Today’s topic comes from a question posed in the Clubhouse. I’ve modified it slightly.
“Does it make sense to sell a one-year, ATM naked put on TSLA if I had a $500k portfolio, and liked the stock?”Musings of a curious trader
To answer the question we have to touch on both the dynamics of a naked put and proper position sizing.
Selling naked puts can be a smart way to acquire exposure to a stock, particularly if you’re willing to accumulate shares. Instead of buying shares outright, the short put allows you to get paid for your willingness. Because of this payment, your effective purchase price will be lower than the current market price. As such, many view the short put as a way to acquire stock at a discount. If you want a more in-depth video on naked puts, take a look at the video on short puts in our Tackle Trading Playbook.
I’m always a fan of selling puts. The question ultimately comes down to which month or strike makes the most sense. Additionally, it’s imperative you sell the proper number of contracts given your risk rules. More on that in a minute.
When it comes to strike prices, you have a choice.
Sell ATM puts: Higher profit potential, but lower odds of success. This is more aggressive.
Sell OTM puts: Lower profit potential, but higher odds of success. This is more conservative.
With TSLA at $730, we would sell the $730 put, if we were using ATM options.
With TSLA at $730, we would sell a put with a strike less than $730 (i.e., $700, $650, $600, etc.)
If you want to take the more aggressive route in exchange for the higher payout, then, yes, selling ATM puts is okay. Keep in mind, even though I’m saying it’s more aggressive, I’m talking in comparison to an OTM put. Shorting ATM puts is still more conservative than buying 100 shares of stock outright.
The question was based on using a one-year LEAPS put option. But you don’t have to use long-term options. There’s a trade-off between month selections. For instance, with TSLA at $730, we could sell the March 2022 naked put for approximately $187 per share ($18,700 total). It has 330 days to expiration or about one year. Alternatively, we could sell the May 2021, 30-day $730 put for around $55 per share ($5,500 total).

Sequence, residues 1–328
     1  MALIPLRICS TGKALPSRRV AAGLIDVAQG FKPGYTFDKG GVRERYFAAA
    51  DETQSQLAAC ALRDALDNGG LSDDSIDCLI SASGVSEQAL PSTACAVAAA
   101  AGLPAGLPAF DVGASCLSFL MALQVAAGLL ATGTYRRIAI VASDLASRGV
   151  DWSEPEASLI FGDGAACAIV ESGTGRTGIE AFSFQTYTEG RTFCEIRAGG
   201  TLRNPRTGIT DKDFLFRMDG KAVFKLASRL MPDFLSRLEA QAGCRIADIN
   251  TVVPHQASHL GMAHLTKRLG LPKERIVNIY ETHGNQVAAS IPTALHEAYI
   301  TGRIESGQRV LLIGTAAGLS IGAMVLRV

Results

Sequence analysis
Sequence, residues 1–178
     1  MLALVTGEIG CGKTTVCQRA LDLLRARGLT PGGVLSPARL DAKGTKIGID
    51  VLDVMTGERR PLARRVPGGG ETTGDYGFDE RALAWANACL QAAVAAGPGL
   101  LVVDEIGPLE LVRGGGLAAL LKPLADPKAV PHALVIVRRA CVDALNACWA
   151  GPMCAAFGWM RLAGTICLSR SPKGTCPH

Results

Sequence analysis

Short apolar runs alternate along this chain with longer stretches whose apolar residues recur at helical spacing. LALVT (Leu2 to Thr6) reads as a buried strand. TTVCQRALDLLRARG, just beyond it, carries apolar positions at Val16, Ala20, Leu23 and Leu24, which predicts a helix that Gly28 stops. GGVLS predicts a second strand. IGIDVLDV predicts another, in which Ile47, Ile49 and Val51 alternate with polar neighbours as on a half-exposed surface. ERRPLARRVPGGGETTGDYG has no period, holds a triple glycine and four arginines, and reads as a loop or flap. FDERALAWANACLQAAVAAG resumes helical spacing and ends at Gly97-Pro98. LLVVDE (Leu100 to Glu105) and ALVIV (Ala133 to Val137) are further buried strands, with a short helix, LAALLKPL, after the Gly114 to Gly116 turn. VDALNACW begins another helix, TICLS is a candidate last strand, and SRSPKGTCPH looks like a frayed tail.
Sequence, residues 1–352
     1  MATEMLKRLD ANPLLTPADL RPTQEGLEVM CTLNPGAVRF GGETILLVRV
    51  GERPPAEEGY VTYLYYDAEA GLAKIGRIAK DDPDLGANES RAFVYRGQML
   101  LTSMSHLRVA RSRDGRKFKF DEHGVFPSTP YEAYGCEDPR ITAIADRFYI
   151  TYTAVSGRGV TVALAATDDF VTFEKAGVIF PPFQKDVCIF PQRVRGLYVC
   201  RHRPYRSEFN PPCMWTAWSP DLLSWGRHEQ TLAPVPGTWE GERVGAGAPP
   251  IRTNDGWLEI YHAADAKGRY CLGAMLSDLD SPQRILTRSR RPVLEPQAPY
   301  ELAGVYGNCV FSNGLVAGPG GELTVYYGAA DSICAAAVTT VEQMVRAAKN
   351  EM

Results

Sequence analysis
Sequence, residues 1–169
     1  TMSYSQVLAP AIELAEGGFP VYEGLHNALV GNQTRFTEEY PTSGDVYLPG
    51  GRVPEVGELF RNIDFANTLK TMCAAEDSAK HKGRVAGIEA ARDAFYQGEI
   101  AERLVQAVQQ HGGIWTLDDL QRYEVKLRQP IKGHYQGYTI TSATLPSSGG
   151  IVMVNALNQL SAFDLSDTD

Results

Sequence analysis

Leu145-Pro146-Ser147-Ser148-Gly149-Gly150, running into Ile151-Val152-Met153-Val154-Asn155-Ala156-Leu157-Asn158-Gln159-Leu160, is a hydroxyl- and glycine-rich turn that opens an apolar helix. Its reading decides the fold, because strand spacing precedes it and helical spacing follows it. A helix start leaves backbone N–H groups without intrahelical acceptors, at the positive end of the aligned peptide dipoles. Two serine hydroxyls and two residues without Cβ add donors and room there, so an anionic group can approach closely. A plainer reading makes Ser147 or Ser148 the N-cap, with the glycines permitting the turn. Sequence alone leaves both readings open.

Let’s compare the two:
One-year naked put: Capture more premium up front ($187) which creates a wider expiration profit range. This trade will rack up losses slower due to the lower gamma risk. The downside is you have a lower rate of time decay, so the profits don’t come as swift.
One-month naked put: Capture less premium up front ($55) which creates a smaller expiration profit range. This trade will rack up losses quicker due to the higher gamma risk. The upside is you have a higher rate of time decay, so the profits arrive faster.
It’s also worth noting that you could sell another ten or eleven naked puts between now and March 2022, which would ultimately create far more potential cash flow than selling a single one-year put today.
Both approaches are legitimate. Selling the one-year $730 put for $187 places your breakeven and cost basis (if assigned) at $543. That translates into a max risk of $54,300 for each put sold.
Now that we know the risk involved with selling the put we can have a more intelligent conversation about position sizing. The question assumes we have a $500k account. Is selling one naked put on TSLA too large of a position? The answer depends on how much of your portfolio you’re willing to have in a single position.
Based on the numbers above, you’ll have $54,300 of exposure or roughly 10.9% of your entire account in Tesla.
Obviously, opinions vary on the maximum amount you should place in each position. The higher the percentage, the larger the risk. On a personal level, I don’t like a single stock position to be anymore than maybe 5% to 10% of my portfolio. I’ll go above 10% for ETFs, though.
I’d also consider the nature of the company. We’re not exactly talking about Pepsi or Walmart here. Tesla is a volatile growth stock. I’d be more comfortable with a larger position in a stable stock than I would in something like Tesla.
But that’s just me.
If you had a $100k portfolio and asked about a naked put in TSLA that places over half your portfolio, then I’d dismiss it out of hand. But given we’re at only 10%, it’s not crazy. You could also cut the risk by doing some type of wide bull put. Maybe you sell the $730 strike while buying the $400 strike. That would cut your exposure to less than $30k.
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